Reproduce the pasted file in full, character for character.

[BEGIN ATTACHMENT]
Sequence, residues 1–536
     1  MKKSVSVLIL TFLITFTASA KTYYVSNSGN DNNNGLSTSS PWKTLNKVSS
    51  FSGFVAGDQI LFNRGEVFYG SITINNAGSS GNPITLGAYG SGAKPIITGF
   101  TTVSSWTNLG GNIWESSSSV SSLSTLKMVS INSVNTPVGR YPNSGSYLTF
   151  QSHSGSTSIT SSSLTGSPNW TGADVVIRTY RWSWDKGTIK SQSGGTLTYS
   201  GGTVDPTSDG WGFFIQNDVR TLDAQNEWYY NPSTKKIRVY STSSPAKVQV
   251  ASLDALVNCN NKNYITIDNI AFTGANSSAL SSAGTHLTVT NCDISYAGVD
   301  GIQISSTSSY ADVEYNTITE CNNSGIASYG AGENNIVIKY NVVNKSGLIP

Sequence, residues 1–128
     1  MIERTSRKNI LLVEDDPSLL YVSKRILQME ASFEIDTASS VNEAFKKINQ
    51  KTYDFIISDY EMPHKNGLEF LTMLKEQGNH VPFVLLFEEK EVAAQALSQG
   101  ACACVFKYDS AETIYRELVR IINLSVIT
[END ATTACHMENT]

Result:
Sequence, residues 1–536
     1  MKKSVSVLIL TFLITFTASA KTYYVSNSGN DNNNGLSTSS PWKTLNKVSS
    51  FSGFVAGDQI LFNRGEVFYG SITINNAGSS GNPITLGAYG SGAKPIITGF
   101  TTVSSWTNLG GNIWESSSSV SSLSTLKMVS INSVNTPVGR YPNSGSYLTF
   151  QSHSGSTSIT SSSLTGSPNW TGADVVIRTY RWSWDKGTIK SQSGGTLTYS
   201  GGTVDPTSDG WGFFIQNDVR TLDAQNEWYY NPSTKKIRVY STSSPAKVQV
   251  ASLDALVNCN NKNYITIDNI AFTGANSSAL SSAGTHLTVT NCDISYAGVD
   301  GIQISSTSSY ADVEYNTITE CNNSGIASYG AGENNIVIKY NVVNKSGLIP

Sequence, residues 1–128
     1  MIERTSRKNI LLVEDDPSLL YVSKRILQME ASFEIDTASS VNEAFKKINQ
    51  KTYDFIISDY EMPHKNGLEF LTMLKEQGNH VPFVLLFEEK EVAAQALSQG
   101  ACACVFKYDS AETIYRELVR IINLSVIT